- Minister of Justice (26 February 2015). "Interpretation Act R.S.C., 1985" (PDF). Retrieved 21 September 2020. This Act, R.S.C. 1985, c. I-21, section 35(1) refers to 'standard time' for the several provinces, defining each in relation to 'Greenwich time', but does not use the expression 'Greenwich mean time'.
- Alberta Queen's Printer (1 January 2007). "Daylight Saving Time Act, RSA 2000". Retrieved 21 September 2020.
- Queen's Printer (5 April 2016). "Interpretation Act, RSBC 1996". Retrieved 21 September 2020.
- Manitoba (1 February 1988). "The Official Time Act". Retrieved 21 September 2020.
- Queen's Printer for New Brunswick (1 September 2011). "Time Definition Act 2011" (PDF). Retrieved 21 September 2020.
- Queen's Printer, St John's (2012). "Standard Time Act RSNL 1990". Retrieved 21 September 2020. By §2(1) "Time in the province shall be reckoned as 3 1/2 hours later [sic] than Greenwich mean solar time."
- Office of the Legislative Counsel (22 September 1998). "Time Definition Act". Retrieved 21 September 2020.
- Queen's Printer for Ontario (31 December 1990). "Time Act, R.S.O. 1990". Retrieved 21 September 2020.
- Legislative Counsel Office (2 December 2015). "Interpretation Act 1988" (PDF). Retrieved 21 September 2020.
- The Queen's Printer (26 February 1978). "The Time Act 1978" (PDF). Retrieved 21 September 2020.
- National Research Council (28 July 2020). "DUT1 announcement". Retrieved 21 September 2020.
- Bartlett, Geoff (5 November 2014). "'The beginning of the long dash' indicates 75 years of official time on CBC". CBC News. Archived from the original on 5 November 2019. Retrieved 20 July 2018.
- Collishaw, Barbara (2002). "FAQs on Writing the Time of Day". Terminology Update. 35 (3): 11. Archived from the original on 2018-07-14. Retrieved 2018-07-20.
- Buckle, Anne (21 September 2015). "New Time Zone in Fort Nelson". Time and Date. Archived from the original on 2016-03-04. Retrieved 21 September 2020.
- Legal time in Québec Archived 2011-12-11 at the Wayback Machine, Ministry of Justice of Quebec, April 20, 2015.
- Benesh, Peter (1988-06-21). "Daylight Almost Until Midnight: Newfoundland Tries out Double Daylight-Saving Time". Orlando Sentinel. Retrieved 2020-02-02.
- Order re: Newfoundland Double Daylight Savings Time, 1988. O.C. 1404/87. Newfoundland Gazette, 1988-02-19, page 67.
- Doris Chase Doane, Time Changes in Canada and Mexico, 2nd edition, 1972.
- Government of Yukon (March 4, 2020). "Yukon to end seasonal time change". Retrieved September 23, 2020.
- "Bill 40 – 2019: Interpretation Amendment Act, 2019". Legislative Assembly of British Columbia. 2019. Archived from the original on 2019-11-03. Retrieved 2019-11-03.
- "Interpretation amendment act sets stage for year-round daylight time" (PDF) (Press release). British Columbia Office of the Premier / Ministry of Attorney General. 2019-10-31. Archived (PDF) from the original on 2019-11-03. Retrieved 2019-11-03.
- Chan, Cheryl (2019-09-11). "B.C. survey shows overwhelming support for permanent Daylight Saving Time". Vancouver Sun. Archived from the original on 2019-11-03. Retrieved 2019-11-03.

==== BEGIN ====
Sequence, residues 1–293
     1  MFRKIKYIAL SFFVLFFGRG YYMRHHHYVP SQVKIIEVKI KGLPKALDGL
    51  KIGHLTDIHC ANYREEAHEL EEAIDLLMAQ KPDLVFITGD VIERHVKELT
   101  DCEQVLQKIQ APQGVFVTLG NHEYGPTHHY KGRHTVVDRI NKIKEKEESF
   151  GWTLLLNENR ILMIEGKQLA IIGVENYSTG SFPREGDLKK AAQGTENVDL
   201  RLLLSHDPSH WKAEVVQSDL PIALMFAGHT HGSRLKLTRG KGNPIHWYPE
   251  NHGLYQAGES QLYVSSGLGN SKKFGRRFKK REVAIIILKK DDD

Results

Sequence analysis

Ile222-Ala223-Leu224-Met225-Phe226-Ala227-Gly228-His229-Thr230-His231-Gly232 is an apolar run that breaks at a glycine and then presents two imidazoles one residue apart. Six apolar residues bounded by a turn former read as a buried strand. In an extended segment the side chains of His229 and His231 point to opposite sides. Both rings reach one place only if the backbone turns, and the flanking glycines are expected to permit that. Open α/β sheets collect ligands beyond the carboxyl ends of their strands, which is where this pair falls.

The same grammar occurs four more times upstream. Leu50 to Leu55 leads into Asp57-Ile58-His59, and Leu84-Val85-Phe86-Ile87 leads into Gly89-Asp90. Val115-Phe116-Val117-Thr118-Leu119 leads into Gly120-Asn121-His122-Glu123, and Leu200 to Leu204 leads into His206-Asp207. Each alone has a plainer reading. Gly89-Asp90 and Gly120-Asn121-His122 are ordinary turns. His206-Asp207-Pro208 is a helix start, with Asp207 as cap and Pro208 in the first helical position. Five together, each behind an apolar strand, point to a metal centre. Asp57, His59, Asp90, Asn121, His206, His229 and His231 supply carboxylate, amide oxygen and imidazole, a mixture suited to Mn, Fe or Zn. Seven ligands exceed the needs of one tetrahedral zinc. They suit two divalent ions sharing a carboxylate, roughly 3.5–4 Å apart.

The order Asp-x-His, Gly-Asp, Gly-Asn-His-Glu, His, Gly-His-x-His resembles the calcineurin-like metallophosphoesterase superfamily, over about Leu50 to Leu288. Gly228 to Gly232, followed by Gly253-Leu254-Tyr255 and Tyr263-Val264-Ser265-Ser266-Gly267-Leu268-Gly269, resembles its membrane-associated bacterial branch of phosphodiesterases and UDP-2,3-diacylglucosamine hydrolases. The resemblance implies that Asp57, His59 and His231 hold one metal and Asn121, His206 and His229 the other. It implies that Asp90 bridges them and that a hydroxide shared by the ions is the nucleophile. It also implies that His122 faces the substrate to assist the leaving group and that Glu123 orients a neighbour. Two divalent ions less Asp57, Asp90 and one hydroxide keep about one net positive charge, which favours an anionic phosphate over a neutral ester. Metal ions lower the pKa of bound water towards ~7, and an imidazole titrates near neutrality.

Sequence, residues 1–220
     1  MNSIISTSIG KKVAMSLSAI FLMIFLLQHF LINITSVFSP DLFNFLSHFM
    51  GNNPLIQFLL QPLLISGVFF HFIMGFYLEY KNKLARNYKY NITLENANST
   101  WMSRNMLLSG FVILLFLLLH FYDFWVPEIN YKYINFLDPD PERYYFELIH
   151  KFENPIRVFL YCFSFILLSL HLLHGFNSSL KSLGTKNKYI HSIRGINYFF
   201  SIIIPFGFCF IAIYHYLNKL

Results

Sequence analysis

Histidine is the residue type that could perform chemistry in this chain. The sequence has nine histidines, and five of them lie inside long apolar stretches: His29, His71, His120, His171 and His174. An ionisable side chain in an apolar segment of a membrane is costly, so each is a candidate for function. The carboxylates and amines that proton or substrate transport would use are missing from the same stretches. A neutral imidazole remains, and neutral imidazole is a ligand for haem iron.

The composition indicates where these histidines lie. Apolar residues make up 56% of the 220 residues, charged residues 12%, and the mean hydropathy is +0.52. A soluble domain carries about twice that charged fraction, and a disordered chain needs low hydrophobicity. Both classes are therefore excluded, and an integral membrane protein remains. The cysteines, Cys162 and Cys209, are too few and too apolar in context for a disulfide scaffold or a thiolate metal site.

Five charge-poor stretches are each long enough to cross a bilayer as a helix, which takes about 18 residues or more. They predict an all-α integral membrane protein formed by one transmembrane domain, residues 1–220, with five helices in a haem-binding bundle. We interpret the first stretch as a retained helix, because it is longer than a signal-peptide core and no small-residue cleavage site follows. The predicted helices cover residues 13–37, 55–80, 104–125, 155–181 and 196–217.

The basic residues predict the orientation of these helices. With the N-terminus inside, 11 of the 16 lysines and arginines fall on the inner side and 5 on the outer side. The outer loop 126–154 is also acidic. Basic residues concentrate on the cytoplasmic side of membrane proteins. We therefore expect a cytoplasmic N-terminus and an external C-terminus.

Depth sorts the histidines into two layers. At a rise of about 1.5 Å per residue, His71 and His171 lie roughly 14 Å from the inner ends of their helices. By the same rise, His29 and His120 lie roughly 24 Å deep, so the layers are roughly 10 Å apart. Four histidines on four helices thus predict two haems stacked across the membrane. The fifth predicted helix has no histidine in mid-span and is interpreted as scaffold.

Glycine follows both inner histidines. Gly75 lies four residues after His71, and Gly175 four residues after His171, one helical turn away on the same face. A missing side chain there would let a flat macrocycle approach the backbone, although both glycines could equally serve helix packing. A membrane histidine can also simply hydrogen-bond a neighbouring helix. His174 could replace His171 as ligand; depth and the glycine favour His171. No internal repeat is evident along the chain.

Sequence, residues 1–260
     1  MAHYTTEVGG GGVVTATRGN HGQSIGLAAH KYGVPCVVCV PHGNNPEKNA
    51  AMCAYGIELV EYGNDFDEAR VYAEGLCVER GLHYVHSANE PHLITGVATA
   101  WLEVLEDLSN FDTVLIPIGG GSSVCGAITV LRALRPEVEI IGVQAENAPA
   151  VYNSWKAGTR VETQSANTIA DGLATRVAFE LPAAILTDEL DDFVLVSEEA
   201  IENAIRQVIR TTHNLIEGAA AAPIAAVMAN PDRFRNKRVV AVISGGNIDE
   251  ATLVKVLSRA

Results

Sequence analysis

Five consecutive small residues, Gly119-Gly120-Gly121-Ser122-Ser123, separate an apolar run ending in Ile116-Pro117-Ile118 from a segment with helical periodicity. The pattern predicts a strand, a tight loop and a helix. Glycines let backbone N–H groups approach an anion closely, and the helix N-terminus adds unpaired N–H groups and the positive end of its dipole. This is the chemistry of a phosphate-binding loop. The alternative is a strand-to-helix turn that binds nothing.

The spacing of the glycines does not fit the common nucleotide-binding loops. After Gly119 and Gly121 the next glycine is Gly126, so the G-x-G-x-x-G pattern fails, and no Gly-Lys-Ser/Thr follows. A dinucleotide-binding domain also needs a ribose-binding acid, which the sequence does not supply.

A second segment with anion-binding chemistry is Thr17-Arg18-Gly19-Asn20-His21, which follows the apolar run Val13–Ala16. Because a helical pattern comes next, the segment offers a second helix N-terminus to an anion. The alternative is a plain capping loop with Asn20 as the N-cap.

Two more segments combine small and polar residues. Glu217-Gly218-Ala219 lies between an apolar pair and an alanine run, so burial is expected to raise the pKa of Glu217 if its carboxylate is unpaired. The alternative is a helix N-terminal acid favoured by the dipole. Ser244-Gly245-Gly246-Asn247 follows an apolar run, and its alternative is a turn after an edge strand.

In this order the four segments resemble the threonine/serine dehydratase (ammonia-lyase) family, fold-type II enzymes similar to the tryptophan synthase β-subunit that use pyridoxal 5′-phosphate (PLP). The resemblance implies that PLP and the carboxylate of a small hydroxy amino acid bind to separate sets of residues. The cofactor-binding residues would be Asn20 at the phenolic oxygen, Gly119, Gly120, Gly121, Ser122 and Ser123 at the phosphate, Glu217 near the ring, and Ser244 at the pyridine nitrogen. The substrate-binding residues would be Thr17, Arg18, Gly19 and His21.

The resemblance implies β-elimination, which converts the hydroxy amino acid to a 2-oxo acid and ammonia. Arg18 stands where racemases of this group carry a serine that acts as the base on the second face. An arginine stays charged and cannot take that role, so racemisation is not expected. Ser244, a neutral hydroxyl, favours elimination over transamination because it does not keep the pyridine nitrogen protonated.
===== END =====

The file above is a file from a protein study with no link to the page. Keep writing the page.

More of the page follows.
- "Daylight Saving Time Public Consultation: Final Report" (PDF). 2019. Archived (PDF) from the original on 2019-09-11. Retrieved 2019-11-03.
- "B.C.'s daylight saving survey gets more public engagement than marijuana regulation". CBC News. 2019-07-05. Archived from the original on 2019-07-07. Retrieved 2019-11-03.
- Plonka, Gabrielle (2019-10-01). "B.C. premier meets with Silver, grand chief". Whitehorse Daily Star. Archived from the original on 2019-11-02. Retrieved 2019-11-03.
- "Time Act". Archived from the original on 2013-12-02. Retrieved 2013-11-25.
- Province Introduces Legislation that Would Extend Daylight Saving Time in Manitoba Archived 2016-07-23 at the Wayback Machine (The Official Time Amendment Act Archived 2006-05-28 at the Wayback Machine,The Official Time Act Archived 2005-11-09 at the Wayback Machine)
- "Bill n°2 : Legal Time Act". Archived from the original on 2012-11-20. Retrieved 2012-02-14.
- "An Act to Amend the Time Uniformity Act" (PDF). Archived from the original (PDF) on 2006-08-23. Retrieved 2006-07-27.
- "Changes to daylight saving time in New Brunswick in 2007 (05/12/23)". Archived from the original on 2006-09-01. Retrieved 2006-05-18.
- Alberta sees the light with a timely announcement
- Daylight Saving Time Regulations Archived 2014-04-19 at the Wayback Machine
- "New Daylight Saving Time Takes Effect in 2007". Archived from the original on 2013-04-11. Retrieved 2006-05-18.
- "Nova Scotia to Change Daylight Saving Time". Archived from the original on 2017-09-23. Retrieved 2017-09-16.
- Yukon To Adopt Extended Daylight Saving Time Starting March 2007 Archived 2013-10-09 at the Wayback Machine
- "An Act Respecting Standard Time and Daylight Time in the Province". Archived from the original on 2012-10-20. Retrieved 2013-11-25.
- "Nunavut News/North "Nunavut to follow new seasonal time standard"". Archived from the original on 2013-12-02. Retrieved 2013-11-25.
- Legal Time Act, CQLR c T-5.1, s 2.
- Internet Assigned Numbers Authority. "tzdb data for North and Central America and environs". Retrieved 21 September 2020.
|last=has generic name (help)
- Interpretation Act, SC 1967–68, c 7, s 28, "standard time".
- Interpretation Ordinance, YCO 1967/59.